Here are my Moon shots from the evening of April 1st.
(No April fool rubbish,Honest.)
I think it was the best conditions I have had so far to view the Moon,and this time I left my scope outside for an hour to let it acclimate to the
outdoor temperature-that is supposed to help reduce image distortion,and is something I should have been doing from the start.
My favorite part starts at 3minutes20seconds,when Copernicus comes into view from the lower left corner.
I know,I still messed up some edits with wobbles,but I think its my best attempt so far.
Anyway all this has started me wondering about the central peaks you can see in so many moon craters.
Are they the remnants of the meteor responsible for the crater,or something else?
Well here is my screen grab of Copernicus and Eratosthenes,
and according to wikipedia,knowledge on the central peaks in Copernicus goes like this :
The central peaks consist of three isolated mountainous rises climbing as high as 1.2 km above the floor. These peaks are separated from
each other by valleys, and they form a rough line along an east-west axis. Infrared observations of these peaks during the 1980s determined that they
were primarily composed of the mafic form of olivine.
Mafic means a silicate based material,which is rich in Iron and Magnesium
So is that the part of a meteor which survived impact?
And is it worth mining?
It looks like it could be-I found this:
A worldwide search is on for cheap processes to sequester CO2 by mineral reactions.
Removal by reactions with olivine is an attractive option, because it is widely available and reacts easily with the (acid) CO2 from the
When olivine is crushed, it weathers completely within a few years, depending on the grain size. All the CO2 that is produced by burning 1 liter of oil can be sequestered by less than 1 liter of olivine. The reaction is exothermic but
In order to recover the heat produced by the reaction to produce electricity, a large volume of olivine must be thermally well-isolated. The
end-products of the reaction are silicon dioxide, magnesium carbonate and small amounts of iron oxide.
Thank you,I am just a beginner with using the telescope/camera combo and I really appreciate your words.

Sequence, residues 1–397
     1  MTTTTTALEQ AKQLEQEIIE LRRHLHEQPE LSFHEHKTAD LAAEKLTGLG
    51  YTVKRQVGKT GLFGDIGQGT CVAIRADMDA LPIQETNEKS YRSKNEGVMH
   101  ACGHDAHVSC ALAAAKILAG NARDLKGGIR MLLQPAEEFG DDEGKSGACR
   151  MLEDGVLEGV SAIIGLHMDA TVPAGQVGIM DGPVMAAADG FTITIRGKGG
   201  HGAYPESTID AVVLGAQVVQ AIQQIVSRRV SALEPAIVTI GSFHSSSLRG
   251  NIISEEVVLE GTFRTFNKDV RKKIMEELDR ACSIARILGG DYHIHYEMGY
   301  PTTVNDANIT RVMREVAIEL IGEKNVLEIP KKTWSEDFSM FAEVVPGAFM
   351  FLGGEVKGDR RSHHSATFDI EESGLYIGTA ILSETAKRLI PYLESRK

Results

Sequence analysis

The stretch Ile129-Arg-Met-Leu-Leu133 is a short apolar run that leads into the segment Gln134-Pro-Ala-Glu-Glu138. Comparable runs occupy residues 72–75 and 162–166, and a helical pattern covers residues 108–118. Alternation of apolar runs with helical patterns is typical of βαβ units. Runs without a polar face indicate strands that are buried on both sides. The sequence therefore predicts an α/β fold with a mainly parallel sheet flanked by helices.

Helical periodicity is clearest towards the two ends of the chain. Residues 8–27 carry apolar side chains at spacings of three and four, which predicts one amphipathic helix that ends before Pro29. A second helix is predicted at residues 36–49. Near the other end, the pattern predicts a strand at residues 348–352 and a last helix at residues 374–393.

I must do better though,with editing and focusing.
My bro was instrumental in helping me with the latest vid-He was watching live through the laptop,and giving me focus/ISO/brightness/contrast
That helped a lot,but we shall aim to do better as we learn.
Thank you TMBS
I do appreciate the words.
Its not an easy job,and my local weather makes it even harder.
I am lucky to sneak a half hour of clarity per week.
And even then I usually miss the moment because of the necessary work/sleep ratio.
Any way to get a mobile set up that would be able to produce this type of clarity? I travel a lot to unpopulated areas that would make great viewing
locations. I would love to get into the hobby but could use some tips if this would even be possible.
You could easily get such a mobile setup-my whole kit is is less than 28KG,and small enough to fit in any car for transport.
All can fit on the back seat of any car,or can be carried up a mountain on one mans back if needed.
A second person makes it easier though.
someone needs to zoom in on that crater and clean up the image , ive just checked it out up close , and the little round thing in the middle looks
metalic , theres something on the edge of the crater too, in the shadow.
High altitudes and clear skies are something I dream of,but cannot attain.
If you have both,then half the job has been done for you by nature,and you could achieve incredible images with a bit of practice.
Nice Video! Really Good Stuff. Anyone notice the 'Tower' with Round Dish on it? Comes onscreen around 1:05. Looks tall, as a nice shadow is cast
from it. Maybe a small building under it too? Hmmm.....
Also, google "mineral rights on the moon" Some interesting results. I see someone authored a thread here at ATS on this too. Haven't read it
yet.(goes on my to-do list)
Nice Captures! Thanx for the Share. Later, Syx.
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